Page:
Sunday, Aug. 16, 2009 | 2 a.m.
In August, Brian Greenspun turns over his Where I Stand column to guest writers. Today’s columnist is Pat Mulroy, general manager of the Southern Nevada Water Authority.
To be certain, these are among the most difficult times we as a community and a nation have faced during this generation. While both the local and national economies are beginning to show signs of recovery, a sense of trepidation still lingers, and it will likely be several years before full confidence is restored.
The same holds true in terms of our water supply. The new millennium ushered in daunting challenges and, although the measures we have taken have been successful, our future remains uncomfortably tied to the caprice of nature.
For almost a decade now, an epic drought has been threatening our primary water supply, the Colorado River, which accounts for 90 percent of our water. Lake Mead’s receding shoreline has forced us to realize that even the country’s largest man-made reservoir is not immune to the effects of climate change.
A series of recent scientific studies all lead to the same conclusion: Shortage in the Colorado River is almost inevitable in the decades to come.
Realizing that one of the country’s most reliable systems of dams and reservoirs could dry up, the Southern Nevada Water Authority and the Colorado River Commission signed a historic accord in December 2007 to protect all the users in the seven Colorado River Basin states.
For Southern Nevada, this agreement added 80,000 acre feet to our water supplies (an increase of approximately 30 percent), protected our intakes in the lake, and allowed us to store water in other states that we can use during shortages.
Today, we are working with the other states, the U.S. Interior Department, the State Department, and federal officials in Mexico to conserve the river’s water, and to build ocean desalting facilities that can add to the river’s supplies. To assure that all these water supplies are available to Southern Nevada as long as possible, we are constructing a new drinking water intake that will be much deeper beneath the surface of Lake Mead.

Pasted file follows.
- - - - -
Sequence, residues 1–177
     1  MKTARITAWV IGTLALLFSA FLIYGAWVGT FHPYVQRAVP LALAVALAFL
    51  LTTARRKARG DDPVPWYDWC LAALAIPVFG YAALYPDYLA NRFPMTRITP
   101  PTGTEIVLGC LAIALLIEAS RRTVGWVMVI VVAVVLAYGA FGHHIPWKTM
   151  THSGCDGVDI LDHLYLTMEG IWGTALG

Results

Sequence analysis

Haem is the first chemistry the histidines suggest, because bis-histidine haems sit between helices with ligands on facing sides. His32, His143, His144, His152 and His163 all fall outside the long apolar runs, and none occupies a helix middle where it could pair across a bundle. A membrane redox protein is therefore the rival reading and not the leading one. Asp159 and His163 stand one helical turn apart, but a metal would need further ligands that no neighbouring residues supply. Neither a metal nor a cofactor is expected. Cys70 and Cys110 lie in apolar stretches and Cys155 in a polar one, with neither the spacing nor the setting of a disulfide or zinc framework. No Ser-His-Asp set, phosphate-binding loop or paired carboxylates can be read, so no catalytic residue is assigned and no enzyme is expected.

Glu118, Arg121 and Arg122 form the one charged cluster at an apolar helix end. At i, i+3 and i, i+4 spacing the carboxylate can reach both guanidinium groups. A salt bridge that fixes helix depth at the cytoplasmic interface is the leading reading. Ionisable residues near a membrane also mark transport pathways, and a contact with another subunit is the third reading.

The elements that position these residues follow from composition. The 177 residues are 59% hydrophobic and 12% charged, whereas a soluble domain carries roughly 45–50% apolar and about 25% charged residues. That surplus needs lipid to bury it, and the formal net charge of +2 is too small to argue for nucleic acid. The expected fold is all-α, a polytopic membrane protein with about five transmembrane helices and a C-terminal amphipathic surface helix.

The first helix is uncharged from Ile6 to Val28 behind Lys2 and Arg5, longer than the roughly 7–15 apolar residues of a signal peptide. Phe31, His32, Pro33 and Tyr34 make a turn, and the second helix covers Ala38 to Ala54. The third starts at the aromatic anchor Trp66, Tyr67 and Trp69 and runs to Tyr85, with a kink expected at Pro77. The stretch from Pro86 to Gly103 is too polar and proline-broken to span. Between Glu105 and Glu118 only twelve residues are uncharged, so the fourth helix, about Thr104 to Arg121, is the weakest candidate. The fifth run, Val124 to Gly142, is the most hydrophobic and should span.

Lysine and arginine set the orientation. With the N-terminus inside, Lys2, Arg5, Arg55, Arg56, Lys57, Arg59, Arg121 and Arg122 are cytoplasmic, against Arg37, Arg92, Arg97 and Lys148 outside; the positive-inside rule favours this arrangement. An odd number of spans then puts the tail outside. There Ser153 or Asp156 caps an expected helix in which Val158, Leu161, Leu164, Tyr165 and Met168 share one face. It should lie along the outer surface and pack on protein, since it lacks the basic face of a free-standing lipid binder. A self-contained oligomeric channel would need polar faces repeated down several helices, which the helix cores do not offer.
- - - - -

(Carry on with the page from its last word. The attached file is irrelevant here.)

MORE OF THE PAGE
As we move forward, building new facilities and working with our neighbors to protect the river’s waters, you, the residents of Southern Nevada, have defied this community’s critics by achieving phenomenal water savings.
Conservation measures that were enacted, including restrictions on the use of grass in new homes and businesses, mandatory watering schedules, and strict water budgets for golf courses, have been spectacularly successful.
The most compelling statistic is that our community consumed nearly 21 billion gallons less water than in 2002, despite the addition of 400,000 residents during that span.
Because of the conservation requirements and new land-use restrictions, new development in Southern Nevada has a very small “water footprint.” And with a new ethic of frugality, we have been transformed from an example of excess to a model for other Southwestern cities.
The stark reality is, however, that all these measures, while they may prolong our ability to use Colorado River water, cannot protect the community if the drought reaches catastrophic levels. Only a new water supply that is completely separate from the Colorado River can ensure the continued existence of our cities.
It is for that reason that the Southern Nevada Water Authority has requested the Nevada State Engineer’s permission to access unused, renewable ground water supplies in the east-central portion of our state. At present, we are simply completing all the necessary permitting and doing all the research needed to be able to use that water without harming the environment or other water users.
While today the Colorado River may still be available to us, we must complete the permitting process so we can be ready to build the needed facilities at a moment’s notice.
All of us at the Southern Nevada Water Authority hope that the time when we have to tap into these ground water supplies is in the distant future. We have been encouraged by improved snowfall in the Rockies, but we have also witnessed enormous evaporation of the snowfall due to dramatically warmer spring seasons and other phenomena.
In order to meet our obligation to ensure a reliable water supply for our community, we have to be prepared for the worst of circumstances. Then and only then will this be home to our children and grandchildren.